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Implementing Lean Software Development

I just finished reading Mary and Tom Poppendieck's second book on Lean Development: Implementing Lean Software Development: From Concept to Cash. It was a great book. Highly recommended. In this blog entry, I'll cover some of the major things that I got out of it. For more details (and lots of additional valuable insights), read the book.

Agile Support

A key concept behind agile practices is that once an iteration starts, you try not to change its scope. After all, it is only a short time until the next iteration. Why can't the interruption wait? By adhering to this approach, it allows the agile team to focus and not get killed with interrupts.

How does this approach work with third level support (which by definition works on an interrupt basis). You usually can't wait until the next iteration to start working the customer issue. To do so would typically violate your SLA's.

Similarities Between Agile Development and Object-Oriented Programming

Agile Development and Object-Oriented Programming share many similarities as trends in the software community.

The first aspects of Object-Oriented Programming originated in the 1960's with Simula. Smalltalk carried it forward into the 70's and 80's. It finally crossed the chasm and hit the mainstream in the early 90's. C++ and Java helped greatly in driving its adoption.

Agile Design

On Wednesday, I (along with 80 other people) heard Jeremy Miller give a presentation on Agile Design at Agile Austin. Generally speaking, it is a hard topic since it is difficult to discuss without going into specifics. Jeremy did a great job at it. This blog entry captures what I took away from his talk.

Managing Customer Expectations

One of the hardest things in agile development is adjusting customer / stakeholder expectations on the way that things are promised.

Prioritizing the Backlog with the Business in Mind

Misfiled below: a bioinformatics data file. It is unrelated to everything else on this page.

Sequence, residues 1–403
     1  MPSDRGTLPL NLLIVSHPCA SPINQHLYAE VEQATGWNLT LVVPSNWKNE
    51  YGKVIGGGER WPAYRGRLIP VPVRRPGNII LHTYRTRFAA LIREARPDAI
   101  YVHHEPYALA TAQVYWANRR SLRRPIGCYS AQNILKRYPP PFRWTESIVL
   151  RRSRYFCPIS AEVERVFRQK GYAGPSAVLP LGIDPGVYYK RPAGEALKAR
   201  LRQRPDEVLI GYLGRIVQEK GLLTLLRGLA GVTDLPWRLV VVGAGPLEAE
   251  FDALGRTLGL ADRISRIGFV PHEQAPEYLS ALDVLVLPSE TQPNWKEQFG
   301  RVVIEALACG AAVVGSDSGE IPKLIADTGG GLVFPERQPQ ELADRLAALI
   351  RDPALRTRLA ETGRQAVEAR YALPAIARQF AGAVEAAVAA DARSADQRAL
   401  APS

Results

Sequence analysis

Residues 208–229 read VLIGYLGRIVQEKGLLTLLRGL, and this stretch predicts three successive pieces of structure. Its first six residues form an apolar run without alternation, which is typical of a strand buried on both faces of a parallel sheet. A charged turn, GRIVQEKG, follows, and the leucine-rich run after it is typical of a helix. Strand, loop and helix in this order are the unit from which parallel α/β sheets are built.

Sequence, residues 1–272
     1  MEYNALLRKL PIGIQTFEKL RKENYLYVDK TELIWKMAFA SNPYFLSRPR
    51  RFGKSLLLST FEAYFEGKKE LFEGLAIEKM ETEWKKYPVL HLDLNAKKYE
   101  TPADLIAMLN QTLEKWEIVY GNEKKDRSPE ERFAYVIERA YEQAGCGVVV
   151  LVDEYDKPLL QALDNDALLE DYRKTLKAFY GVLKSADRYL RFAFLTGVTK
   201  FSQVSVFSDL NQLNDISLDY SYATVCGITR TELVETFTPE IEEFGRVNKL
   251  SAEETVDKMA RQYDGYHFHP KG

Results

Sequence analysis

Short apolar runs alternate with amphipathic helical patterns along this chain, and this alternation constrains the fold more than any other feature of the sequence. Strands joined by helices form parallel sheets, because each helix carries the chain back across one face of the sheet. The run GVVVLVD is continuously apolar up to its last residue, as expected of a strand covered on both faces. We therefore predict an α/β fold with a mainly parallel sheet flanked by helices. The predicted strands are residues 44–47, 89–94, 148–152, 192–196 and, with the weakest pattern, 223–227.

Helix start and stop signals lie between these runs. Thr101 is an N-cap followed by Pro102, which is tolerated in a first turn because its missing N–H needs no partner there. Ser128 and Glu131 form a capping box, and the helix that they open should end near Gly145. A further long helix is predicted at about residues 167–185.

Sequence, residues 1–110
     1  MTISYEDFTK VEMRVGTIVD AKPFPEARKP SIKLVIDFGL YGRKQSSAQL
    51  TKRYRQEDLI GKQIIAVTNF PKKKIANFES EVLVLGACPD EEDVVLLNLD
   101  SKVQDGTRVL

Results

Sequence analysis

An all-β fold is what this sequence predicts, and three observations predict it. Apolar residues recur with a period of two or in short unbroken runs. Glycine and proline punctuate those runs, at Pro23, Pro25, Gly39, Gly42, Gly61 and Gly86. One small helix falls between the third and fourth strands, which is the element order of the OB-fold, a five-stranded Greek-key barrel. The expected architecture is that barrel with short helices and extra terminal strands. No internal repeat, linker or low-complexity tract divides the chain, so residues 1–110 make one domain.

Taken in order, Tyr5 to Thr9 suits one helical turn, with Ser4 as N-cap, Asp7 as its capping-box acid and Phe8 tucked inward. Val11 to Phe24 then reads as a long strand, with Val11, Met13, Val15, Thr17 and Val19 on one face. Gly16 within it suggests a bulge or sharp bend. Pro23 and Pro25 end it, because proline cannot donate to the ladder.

Last night, I went to a talk given by Luke Hohmann of Enthiosys for Agile Austin.

The talk was focused around prioritizing the backlog. A more in depth version will be presented by Luke at the Agile Conference in August. There were a few good points that I took away from it.

Is Scrum Naked Without XP?

This was the title of a session hosted by Jeffrey Palermo at the Agile Austin Open Space Conference that I attended recently.

It got me thinking a bit about the relationships between the various agile methodologies. I've always stressed the use of Agile over a particular methodology (such as Scrum) because I wanted to ensure that we felt free to use the best of each. In the end, I've generally found myself using Scrum with some concepts from XP.

Can Agile Scale?

A common misconception is that agile doesn't scale to large and/or distributed teams. Many of the agile methodologies focus on smaller teams, but that doesn't mean that their usefulness is limited to that context.

Large, distributed teams present their own challenges. These situations can be more difficult in any project management approach (including waterfall). Agile has proven to be compatible (I would argue superior) with these scenarios.


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